Not as bad as expected. That's my verdict on President Obama's fifth State of the Union address.
With his approval running well under 50 percent, Obama was not quite so confrontational as he has been in the past.
He conceded that in the last four years, wages "have barely budged," that inequality "has deepened" and upward mobility "has stalled." No more blaming everything on George W. Bush.
He noted obliquely that "last year the Voting Rights Act was weakened" without explicitly attacking the Supreme Court for its ruling that states could not be singled out for heightened scrutiny based on low voter turnout in the years from 1964 to 1972.
He said he would work with states expanding pre-kindergarten schooling and limited his Republican bashing to the phrase "as Congress decides what it's going to do." He noted approvingly Republican Sen. Marco Rubio's proposal to reshape the Earned Income Tax Credit.
To be sure, many of his proposals were pretty small-ball. He recycled calls for corporate tax reform, port upgrades and high-tech manufacturing hubs. He called for patent reform and savings bond investment accounts.
Contrary to press predictions, he did not harp on "income inequality" -- the phrase must poll poorly. The remedies he proposed -- raising the minimum wage and continuing 100-week unemployment benefits -- do pathetically little to address it.
Immigration and gun control got brief, vague paragraphs. His defensive paragraphs about Obamacare evoked as much laughter as applause.
His proclamation of economic progress was necessarily tepid. His hailing of America's approaching energy independence necessarily omitted the fact that his administration has done more to discourage than encourage the fracking revolution in oil and natural gas.
He was careful to say that solar panel installation can't be outsourced but of course failed to mention that solar panel manufacturing can be and is -- and that his crony capitalism "investment" in Solyndra and other solar firms was a bust.
On issues dear to the heart of Democratic core constituencies, he resorted to outright falsehoods.
Women earn only 77 cents for each dollar men earn, he said. That's a number that goes back to the 1970s. His own Labor Department's survey says that when you take account of hours worked and type of work, the number is more like 95 cents.
"Research shows that one of the best investments we can make in a child's life is high-quality early education," he said. Actually, his own Health and Human Services study has found no lasting value in Head Start programs.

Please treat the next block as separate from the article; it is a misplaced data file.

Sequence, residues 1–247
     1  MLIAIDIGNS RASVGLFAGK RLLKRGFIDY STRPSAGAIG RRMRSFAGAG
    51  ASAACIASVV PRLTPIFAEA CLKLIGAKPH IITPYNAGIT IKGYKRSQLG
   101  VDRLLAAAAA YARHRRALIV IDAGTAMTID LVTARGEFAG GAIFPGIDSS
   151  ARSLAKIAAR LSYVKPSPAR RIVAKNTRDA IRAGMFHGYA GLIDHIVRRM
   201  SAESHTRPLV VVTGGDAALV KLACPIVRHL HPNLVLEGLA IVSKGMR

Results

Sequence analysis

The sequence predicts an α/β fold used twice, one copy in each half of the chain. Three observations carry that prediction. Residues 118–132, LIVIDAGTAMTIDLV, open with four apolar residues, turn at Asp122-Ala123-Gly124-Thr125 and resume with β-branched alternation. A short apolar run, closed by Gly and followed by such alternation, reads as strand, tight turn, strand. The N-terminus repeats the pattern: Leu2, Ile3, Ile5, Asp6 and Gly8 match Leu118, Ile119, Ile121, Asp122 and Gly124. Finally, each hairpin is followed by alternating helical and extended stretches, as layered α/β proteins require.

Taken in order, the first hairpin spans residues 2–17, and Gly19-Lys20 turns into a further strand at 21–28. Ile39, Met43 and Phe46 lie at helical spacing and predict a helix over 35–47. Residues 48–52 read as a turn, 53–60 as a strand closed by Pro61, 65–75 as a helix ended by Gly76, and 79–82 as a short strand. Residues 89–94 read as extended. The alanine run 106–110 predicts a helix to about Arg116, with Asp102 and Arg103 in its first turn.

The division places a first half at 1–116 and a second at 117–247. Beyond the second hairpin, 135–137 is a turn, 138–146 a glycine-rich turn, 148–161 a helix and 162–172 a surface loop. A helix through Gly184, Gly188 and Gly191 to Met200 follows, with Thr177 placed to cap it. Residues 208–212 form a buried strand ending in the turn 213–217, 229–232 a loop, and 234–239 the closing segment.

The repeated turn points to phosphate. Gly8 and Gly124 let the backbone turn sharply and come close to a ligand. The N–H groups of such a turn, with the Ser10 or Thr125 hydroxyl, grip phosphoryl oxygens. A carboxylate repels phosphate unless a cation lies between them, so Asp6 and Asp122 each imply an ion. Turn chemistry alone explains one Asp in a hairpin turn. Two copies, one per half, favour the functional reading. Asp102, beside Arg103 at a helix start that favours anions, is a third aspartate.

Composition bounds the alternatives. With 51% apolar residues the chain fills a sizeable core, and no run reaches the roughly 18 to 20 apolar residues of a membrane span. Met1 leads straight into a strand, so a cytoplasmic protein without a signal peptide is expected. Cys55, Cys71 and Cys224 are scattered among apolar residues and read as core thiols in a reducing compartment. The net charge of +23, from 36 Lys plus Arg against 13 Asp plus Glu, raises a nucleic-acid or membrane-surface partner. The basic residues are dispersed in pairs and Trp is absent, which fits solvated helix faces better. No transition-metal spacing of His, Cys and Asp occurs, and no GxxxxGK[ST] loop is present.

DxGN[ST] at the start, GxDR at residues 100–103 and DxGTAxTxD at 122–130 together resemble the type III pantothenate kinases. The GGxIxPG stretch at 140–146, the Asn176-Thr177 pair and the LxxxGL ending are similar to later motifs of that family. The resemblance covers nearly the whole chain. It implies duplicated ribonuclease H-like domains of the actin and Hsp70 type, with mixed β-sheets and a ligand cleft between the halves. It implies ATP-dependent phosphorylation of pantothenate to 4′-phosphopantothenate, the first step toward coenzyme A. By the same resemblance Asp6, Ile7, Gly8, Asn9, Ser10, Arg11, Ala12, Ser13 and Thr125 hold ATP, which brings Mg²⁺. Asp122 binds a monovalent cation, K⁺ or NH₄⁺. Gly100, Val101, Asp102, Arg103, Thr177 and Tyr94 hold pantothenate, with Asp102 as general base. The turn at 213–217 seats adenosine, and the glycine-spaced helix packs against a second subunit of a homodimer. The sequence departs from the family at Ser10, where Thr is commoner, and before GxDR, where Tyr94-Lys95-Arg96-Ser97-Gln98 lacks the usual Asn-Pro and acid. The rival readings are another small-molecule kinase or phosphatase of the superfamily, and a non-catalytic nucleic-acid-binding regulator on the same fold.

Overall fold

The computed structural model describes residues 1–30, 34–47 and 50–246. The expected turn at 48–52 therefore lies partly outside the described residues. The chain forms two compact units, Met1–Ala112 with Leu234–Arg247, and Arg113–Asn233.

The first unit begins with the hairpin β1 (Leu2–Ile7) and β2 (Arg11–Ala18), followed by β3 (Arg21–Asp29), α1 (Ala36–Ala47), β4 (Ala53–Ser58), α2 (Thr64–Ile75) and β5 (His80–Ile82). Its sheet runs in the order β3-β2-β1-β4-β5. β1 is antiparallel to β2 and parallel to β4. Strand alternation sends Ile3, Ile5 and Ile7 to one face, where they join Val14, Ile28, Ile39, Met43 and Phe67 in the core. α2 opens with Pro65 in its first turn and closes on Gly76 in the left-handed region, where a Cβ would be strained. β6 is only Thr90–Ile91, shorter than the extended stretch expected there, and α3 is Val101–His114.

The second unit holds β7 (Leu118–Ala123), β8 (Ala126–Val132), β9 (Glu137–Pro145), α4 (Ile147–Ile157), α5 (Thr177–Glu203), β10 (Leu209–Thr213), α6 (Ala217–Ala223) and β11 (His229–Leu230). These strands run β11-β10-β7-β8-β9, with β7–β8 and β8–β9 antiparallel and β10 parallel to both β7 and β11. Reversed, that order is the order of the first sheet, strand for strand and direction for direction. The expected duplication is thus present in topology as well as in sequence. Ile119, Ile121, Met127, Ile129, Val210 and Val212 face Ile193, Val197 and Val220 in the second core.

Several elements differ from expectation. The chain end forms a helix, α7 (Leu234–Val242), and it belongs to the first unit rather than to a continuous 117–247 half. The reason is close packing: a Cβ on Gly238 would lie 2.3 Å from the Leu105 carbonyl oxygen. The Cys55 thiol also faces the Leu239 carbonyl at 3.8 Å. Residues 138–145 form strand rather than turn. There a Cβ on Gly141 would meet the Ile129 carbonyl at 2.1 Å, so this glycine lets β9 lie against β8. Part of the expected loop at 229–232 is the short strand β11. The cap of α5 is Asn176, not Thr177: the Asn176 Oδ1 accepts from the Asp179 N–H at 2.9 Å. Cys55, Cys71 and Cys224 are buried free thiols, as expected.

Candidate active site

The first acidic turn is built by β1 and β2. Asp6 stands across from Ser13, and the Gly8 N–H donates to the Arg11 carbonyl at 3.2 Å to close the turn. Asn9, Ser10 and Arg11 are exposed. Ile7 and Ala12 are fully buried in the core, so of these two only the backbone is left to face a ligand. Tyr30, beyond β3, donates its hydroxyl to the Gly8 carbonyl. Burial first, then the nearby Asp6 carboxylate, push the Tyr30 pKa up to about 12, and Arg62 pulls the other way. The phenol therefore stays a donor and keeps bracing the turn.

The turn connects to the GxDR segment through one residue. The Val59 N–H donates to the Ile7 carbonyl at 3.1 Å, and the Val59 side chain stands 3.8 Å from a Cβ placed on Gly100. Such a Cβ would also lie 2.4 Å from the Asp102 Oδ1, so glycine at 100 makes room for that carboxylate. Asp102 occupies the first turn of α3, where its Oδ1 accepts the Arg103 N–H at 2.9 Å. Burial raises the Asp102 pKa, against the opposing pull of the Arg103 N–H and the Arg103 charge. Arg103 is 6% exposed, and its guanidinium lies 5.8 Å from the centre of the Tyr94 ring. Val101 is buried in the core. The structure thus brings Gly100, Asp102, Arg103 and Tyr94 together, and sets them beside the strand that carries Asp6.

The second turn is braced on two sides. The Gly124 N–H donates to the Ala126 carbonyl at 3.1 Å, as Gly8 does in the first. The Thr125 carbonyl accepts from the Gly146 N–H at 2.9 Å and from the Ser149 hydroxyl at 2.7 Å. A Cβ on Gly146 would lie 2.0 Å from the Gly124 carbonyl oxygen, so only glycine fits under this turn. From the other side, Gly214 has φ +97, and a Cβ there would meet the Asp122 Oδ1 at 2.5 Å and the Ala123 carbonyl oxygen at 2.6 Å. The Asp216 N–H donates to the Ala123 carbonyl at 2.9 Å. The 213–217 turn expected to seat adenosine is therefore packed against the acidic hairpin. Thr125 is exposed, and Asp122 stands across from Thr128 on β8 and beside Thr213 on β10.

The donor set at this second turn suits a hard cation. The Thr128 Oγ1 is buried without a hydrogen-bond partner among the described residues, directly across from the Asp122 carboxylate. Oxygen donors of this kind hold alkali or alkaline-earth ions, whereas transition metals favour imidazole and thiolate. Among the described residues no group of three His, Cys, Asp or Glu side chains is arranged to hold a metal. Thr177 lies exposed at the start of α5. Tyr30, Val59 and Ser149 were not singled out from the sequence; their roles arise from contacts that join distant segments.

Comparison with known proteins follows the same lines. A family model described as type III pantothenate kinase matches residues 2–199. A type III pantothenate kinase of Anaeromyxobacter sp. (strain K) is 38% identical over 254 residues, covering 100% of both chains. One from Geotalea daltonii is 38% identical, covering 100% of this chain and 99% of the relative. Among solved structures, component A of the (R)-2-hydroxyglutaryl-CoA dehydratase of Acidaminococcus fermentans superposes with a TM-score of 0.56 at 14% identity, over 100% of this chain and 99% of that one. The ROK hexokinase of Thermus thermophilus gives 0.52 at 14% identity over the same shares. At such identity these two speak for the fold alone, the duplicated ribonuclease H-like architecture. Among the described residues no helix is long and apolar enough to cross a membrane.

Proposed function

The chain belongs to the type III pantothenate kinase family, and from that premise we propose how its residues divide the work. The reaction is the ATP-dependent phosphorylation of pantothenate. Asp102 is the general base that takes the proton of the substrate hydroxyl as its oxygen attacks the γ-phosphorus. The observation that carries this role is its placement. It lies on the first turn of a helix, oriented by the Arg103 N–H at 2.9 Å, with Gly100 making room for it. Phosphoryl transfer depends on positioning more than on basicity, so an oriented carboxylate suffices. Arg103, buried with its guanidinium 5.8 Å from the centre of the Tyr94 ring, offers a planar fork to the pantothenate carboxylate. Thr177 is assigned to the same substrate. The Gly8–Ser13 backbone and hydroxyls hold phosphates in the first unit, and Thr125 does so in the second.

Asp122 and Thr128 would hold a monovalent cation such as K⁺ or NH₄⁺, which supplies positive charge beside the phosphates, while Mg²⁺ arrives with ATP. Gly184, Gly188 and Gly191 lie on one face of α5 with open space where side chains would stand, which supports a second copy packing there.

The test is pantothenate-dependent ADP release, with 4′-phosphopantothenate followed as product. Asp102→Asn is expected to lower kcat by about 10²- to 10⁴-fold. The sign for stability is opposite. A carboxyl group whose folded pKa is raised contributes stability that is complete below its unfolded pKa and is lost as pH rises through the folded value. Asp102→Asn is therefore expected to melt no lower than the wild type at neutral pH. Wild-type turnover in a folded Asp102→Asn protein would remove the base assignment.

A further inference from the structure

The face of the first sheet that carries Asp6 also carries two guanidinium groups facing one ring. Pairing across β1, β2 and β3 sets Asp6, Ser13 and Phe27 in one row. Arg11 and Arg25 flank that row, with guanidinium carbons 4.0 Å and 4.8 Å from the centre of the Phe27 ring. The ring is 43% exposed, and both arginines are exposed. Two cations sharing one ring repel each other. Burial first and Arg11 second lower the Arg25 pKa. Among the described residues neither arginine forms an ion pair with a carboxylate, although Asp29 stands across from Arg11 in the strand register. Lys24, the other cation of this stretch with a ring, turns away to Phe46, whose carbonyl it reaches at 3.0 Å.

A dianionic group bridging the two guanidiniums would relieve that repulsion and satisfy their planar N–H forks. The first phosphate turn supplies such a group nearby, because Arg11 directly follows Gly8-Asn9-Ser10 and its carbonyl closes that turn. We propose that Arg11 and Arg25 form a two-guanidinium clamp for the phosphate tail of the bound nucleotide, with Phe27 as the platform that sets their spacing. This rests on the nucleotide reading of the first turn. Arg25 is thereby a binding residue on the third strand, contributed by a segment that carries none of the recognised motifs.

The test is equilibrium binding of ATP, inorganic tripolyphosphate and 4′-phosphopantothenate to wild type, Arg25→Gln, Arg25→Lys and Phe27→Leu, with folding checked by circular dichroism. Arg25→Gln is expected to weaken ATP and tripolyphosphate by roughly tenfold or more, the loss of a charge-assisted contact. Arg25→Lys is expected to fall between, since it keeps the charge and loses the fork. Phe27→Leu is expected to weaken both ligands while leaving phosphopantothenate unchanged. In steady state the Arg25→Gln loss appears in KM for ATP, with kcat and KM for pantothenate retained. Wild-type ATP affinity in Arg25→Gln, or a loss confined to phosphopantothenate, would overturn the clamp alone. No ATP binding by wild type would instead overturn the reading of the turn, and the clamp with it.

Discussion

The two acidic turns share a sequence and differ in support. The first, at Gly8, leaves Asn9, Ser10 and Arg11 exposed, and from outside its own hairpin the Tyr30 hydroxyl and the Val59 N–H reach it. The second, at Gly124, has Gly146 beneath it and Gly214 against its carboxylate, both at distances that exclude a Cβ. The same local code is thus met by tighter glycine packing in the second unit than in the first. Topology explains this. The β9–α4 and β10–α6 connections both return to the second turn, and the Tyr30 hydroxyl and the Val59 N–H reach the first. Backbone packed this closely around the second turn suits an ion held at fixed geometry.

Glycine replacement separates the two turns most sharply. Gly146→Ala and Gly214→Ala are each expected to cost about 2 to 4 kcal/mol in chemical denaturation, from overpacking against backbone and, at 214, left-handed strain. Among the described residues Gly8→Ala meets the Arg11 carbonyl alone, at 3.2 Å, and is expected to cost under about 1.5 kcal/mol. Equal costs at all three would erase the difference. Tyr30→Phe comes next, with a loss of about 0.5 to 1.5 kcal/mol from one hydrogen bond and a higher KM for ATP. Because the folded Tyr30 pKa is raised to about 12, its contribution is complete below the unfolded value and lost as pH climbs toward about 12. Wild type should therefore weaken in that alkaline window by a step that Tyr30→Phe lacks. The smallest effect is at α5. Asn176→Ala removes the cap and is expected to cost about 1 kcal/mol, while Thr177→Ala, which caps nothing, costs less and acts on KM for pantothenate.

"The debate is settled," he said. "Climate change is a fact." It is "already harming western communities suffering from drought and coastal cities dealing with floods."
Actually, temperatures have not increased over the last 15 years, as the global warming alarmists' models predicted. Perhaps they will over the longer run.
But most people who accept or reject global warming have the good sense to resist the temptation to claim that any recent unpleasant weather -- drought, floods, whatever -- confirms their view. Obama was unable to resist.
The president spent more time on foreign policy than expected, tacitly acknowledging mistakes. He admitted al Qaeda's "core leadership" is only on "a path to defeat" and its threat "has evolved" in Yemen, Somalia, Mali and Iraq.
That's an implicit admission that the failure to get an agreement to maintain some U.S. troops in Iraq has increased the threat -- and Obama could only say he hopes for such an agreement in Afghanistan.
On Syria, Obama said he would "support the opposition that rejects the agenda of terrorist networks" and work with allies to give the Syrian people "a future free of dictatorship, terror and fear." How?
Iran, he said, was forced to the negotiating table by tough sanctions, but he would veto the bill to add sanctions if negotiations fail -- but then would call for more himself. Huh?
The best part was the end. Obama told of meeting Army Ranger Cory Remsburg at a D-Day anniversary and then again after he was seriously injured in Afghanistan -- and how Remsburg is recovering and determined to serve again.
"Men and women like Cory remind us that America has never come easy," he said, in an eloquent paragraph recounting America's achievements over 200-plus years that everyone in the audience could agree with.
An excellent end to an overlong speech by an apparently chastened and weary president.
Michael Barone, senior political analyst for The Washington Examiner (www.washingtonexaminer.com), is a resident fellow at the American Enterprise Institute, a Fox News Channel contributor and a co-author of The Almanac of American Politics. To find out more about Michael Barone, and read features by other Creators writers and cartoonists, visit the Creators Syndicate Web page atwww.creators.com.
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